Misery Loves Company


This is a true story.

On the most hot and humid day of one summer, the engine of my SUV suddenly stopped working at a red light at a four-way intersection somewhere on the North Side. I turned off the engine and tried to restart the car. The engine started just fine, but unfortunately the gearshift refused to budge out of Park, so I couldn’t move the car. We were stuck.

So I did what any self-respecting suburbanite would do and I called AAA. My car was full of teenagers; we had places to go, they were hungry, and it was hot. And humid. Really humid.

AAA was an hour away. People blasted their horns at us every time the light changed and we couldn’t move. Some people asked if we needed help. But I wasn’t worried—we had a/c and a cell phone, we were going to be fine.

So we waited—in the SUV, in the intersection, because, like I said, the engine had started up again so we had air conditioning (and hazard lights) and we chose to be comfortable. The teenagers were getting grumpy. “We’re all in this together,” I reminded them. “We need to chill, literally and figuratively.”

After fifteen minutes we ran out of conversation, so we ordered pizza. Among the necessities I carry with me in my car, the teens found coupons for a family special of pizzas, wings and sodas.

The AAA driver arrived sooner than we expected, rattled the gearshift to no avail, gave up, and said, “I know EXACTLY the guy who can fix this … hey, did you order pizza?”

Sure enough, the pizza (and wings and soda) had arrived. The deliveryman noted that it had been a while since he had made a delivery to an intersection. “At least a few months,” he said. “Probably more, though.” He blocked traffic to deliver our pizza and made sure that we had enough cups and extra napkins. He gave the teens extra parmesan cheese and red pepper and told us to have a nice day. I tipped him well.

I wouldn’t allow anyone to turn on the radio so as to avoid potential fighting. I also wouldn’t allow the red pepper eating contest, but I willingly turned the air conditioner higher to keep everyone in all three rows of the SUV as cool as possible.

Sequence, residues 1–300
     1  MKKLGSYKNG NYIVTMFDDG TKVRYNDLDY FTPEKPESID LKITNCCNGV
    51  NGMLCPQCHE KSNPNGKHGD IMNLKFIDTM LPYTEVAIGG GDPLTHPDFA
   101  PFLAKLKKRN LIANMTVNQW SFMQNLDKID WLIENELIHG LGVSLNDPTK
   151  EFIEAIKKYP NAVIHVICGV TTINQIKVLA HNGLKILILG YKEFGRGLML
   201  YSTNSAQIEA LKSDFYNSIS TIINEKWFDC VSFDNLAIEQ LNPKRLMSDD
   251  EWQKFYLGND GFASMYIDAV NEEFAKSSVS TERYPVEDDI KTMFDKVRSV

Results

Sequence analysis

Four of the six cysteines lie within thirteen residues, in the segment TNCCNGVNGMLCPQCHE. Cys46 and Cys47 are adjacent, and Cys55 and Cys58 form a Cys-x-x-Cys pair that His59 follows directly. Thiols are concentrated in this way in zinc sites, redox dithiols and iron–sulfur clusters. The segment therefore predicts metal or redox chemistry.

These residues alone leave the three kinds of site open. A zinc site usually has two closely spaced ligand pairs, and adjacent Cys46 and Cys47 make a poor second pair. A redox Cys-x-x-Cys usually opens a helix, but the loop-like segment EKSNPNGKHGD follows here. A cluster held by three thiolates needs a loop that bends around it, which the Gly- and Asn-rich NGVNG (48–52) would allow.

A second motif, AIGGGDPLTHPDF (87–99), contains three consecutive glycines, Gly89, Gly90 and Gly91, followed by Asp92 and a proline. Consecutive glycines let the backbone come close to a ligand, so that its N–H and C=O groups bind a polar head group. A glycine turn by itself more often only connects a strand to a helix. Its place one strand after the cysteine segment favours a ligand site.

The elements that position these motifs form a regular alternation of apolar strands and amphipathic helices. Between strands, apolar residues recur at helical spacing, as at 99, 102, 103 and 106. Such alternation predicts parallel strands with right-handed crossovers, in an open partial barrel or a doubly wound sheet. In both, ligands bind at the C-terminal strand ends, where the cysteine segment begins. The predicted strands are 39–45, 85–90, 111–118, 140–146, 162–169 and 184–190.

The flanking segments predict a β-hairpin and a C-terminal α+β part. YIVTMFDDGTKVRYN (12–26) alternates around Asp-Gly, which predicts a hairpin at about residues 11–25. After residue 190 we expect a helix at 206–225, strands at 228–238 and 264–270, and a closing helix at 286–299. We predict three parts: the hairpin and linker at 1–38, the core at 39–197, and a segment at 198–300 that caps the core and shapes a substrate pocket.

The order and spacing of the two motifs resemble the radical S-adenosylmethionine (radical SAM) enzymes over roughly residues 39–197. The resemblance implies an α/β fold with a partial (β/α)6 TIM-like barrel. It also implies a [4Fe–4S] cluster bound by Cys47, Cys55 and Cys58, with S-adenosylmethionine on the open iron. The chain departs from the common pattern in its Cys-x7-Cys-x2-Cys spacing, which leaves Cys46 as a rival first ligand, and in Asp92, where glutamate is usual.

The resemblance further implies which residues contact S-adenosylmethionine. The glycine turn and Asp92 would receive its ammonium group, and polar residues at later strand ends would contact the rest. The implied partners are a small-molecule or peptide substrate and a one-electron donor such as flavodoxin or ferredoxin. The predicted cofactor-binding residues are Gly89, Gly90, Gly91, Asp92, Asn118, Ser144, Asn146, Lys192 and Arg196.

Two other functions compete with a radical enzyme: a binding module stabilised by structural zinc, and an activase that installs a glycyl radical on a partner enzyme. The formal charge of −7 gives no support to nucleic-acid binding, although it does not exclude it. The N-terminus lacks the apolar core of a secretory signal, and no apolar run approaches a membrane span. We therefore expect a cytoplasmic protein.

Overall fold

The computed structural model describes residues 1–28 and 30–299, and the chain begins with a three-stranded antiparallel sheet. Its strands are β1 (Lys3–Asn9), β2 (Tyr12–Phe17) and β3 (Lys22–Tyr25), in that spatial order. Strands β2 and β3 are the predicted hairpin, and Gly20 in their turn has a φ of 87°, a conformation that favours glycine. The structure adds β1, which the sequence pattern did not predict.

The AAA driver took two slices of pizza, folded them into a sandwich, and called his friend who worked a few blocks away for help. “The gear shift won’t move,” he said. Then in between bites “Yeah. Nope. I dunno … I dunno … I dunno … OK. Yeah, hey, there’s pizza too.”

He told us about how he has a proposal in to Hollywood for a reality show based on all the characters he meets as a AAA tow truck driver. He also said he used to own his own pizza shop and deli but it burned down. He suspects arson and organized crime because his pizza was too good for anybody to compete against.

I tell him that his reality show is sure to be a hit. I invoke the titles of TV shows in the same vein, such as Ice Road Truckers, Parking Wars and my favorite, South Beach Tow. He tells me I should propose my own reality show because I seem like an interesting person, driving around with a bunch of teenagers in the car. He tells the kids garlic parmesan is his second favorite type of wing, but his first favorite changes between buffalo and honey. But garlic parmesan is always his second choice.

He tells me that his girlfriend is opening a beauty salon and I should visit. “She’ll make you look 10 years younger, you’ll look 32, no, you’ll look 25!” he says. “You’ll look like one of these kids! She’ll give you a REALLY GOOD haircut!” I laugh because I had just had a really good haircut the day before. He wrote the phone number to his girlfriend’s salon on the pizza box. “They don’t have a name for the salon yet,” he adds. “So she might not say anything when she answers the phone.”

His friend arrived and I vacated my cool, comfortable driver’s seat to stand outside in the sweltering heat as cars maneuvered around us. A few people glared, but many stopped to ask if we needed help. I pointed to the AAA truck and said, “thank you, but we were in capable hands.” While standing in the street, I also took the opportunity to look for a place with a bathroom for near-future use.

The friend assessed the situation, easily disassembled the gearshift casing, pressed a tiny secret white button inside, then reassembled the box. He fixed my gearshift in about five minutes then happily accepted some still-cool soda to refill his insulated bottle and took a chicken wing.

The AAA driver told us all to write down his name and phone number on our extra napkins, and he double checked that everyone did it correctly. His parting words as he got out of the car were a warning never to take up smoking.

I tipped him and his friend with the rest of my cash for their exceptional service, they thanked us for the food and reminded me to return the customer survey if I was happy with the service call. (On a scale of 1-10, this service call ranked about 10,000.)

I was very happy. It just goes to show that a potentially miserable event is only as miserable as you allow it to be. We were all in it together, and we came through it together just fine.

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